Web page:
4. I'm Fully on board with the Focus on valuations. It is a very difficult art / science to become good at, and even more difficult when markets become volatile. Has the outlook for the business changed at all, or is the Market just freaking out over something unrelated? Or if some bad news comes out from the company, it it only short term, or does it actually impact the longer-term value of the company?

    I like that you stick to the good quality companies though, and don't mind paying 'full' value for them if you have to. I've always had a tendency to go for the really 'deep value' stocks - which often just means they are in deep deep trouble! A little more focused on good dividend payers and better quality companies these days...

    Do you have any specific valuation metrics you focus on more than others?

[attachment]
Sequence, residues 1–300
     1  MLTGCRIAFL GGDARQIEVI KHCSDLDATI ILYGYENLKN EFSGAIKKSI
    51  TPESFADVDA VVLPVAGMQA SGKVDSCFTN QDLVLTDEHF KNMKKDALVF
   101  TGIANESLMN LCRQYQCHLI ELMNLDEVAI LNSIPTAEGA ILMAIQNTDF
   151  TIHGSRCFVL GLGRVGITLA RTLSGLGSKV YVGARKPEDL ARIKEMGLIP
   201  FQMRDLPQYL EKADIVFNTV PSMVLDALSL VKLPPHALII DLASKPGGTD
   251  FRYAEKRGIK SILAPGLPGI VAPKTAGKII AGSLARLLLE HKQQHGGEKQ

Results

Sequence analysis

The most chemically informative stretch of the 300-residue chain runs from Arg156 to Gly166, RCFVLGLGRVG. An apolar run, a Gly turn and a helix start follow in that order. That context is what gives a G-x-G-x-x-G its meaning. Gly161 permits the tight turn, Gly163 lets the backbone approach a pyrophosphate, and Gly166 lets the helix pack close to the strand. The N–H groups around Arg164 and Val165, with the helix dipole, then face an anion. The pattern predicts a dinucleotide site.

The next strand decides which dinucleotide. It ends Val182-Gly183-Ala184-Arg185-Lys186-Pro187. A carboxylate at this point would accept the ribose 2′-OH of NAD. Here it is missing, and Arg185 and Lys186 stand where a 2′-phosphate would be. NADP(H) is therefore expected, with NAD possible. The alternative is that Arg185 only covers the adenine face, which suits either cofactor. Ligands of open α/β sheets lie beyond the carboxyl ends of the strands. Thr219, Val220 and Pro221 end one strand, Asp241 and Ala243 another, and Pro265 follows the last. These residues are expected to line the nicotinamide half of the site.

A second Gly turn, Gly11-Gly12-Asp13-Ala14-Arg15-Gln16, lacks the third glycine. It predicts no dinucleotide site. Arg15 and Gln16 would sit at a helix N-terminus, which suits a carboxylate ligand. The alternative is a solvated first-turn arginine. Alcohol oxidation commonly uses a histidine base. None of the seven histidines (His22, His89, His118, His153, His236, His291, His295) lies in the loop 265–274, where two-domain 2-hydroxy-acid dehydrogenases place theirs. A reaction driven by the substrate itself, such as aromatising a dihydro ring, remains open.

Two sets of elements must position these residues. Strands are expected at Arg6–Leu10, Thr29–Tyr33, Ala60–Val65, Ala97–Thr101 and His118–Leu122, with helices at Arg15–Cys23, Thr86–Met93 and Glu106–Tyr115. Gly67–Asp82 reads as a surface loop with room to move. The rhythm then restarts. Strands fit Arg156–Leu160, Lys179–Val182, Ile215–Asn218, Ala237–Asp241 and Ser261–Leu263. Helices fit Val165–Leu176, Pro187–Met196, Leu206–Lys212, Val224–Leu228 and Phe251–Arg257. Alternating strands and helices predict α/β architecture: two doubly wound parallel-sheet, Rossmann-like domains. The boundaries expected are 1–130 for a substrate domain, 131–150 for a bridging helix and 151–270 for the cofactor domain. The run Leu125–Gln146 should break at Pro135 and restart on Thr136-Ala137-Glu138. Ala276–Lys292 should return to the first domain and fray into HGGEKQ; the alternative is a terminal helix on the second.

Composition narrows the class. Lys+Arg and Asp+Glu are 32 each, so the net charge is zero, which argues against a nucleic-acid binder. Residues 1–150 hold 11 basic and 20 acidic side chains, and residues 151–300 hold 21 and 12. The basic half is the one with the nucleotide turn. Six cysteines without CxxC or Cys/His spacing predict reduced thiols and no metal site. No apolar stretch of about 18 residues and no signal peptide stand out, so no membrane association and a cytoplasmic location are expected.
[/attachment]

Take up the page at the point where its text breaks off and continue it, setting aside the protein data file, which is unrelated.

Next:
1. 5 yr Normal P/E (P/FFO for REITs) and 5 yr highest historical dividend yield are the two valuation metrics I pay most attention to.

      Though, the 5 yr historic yield metric would trump any other valuation metric for me. In other words, if a stock is trading at or near its highest 5-yr highest yield even when earnings multiples are high, I would consider it to be a good value. It may not be cheap, but it would still be a good value from yield perspective, given that the company has continued to raise its dividends in the past and there are no forward looking risks to its dividend.

      The other thing to note is that for most dividend paying companies, the 5 yr highest historical dividend yield provides a bottom support for its price. On the flip side, if the yield exceeds its 5-year highest yield, then I would consider the stock to be too risky (unless it was caused by a broader market action).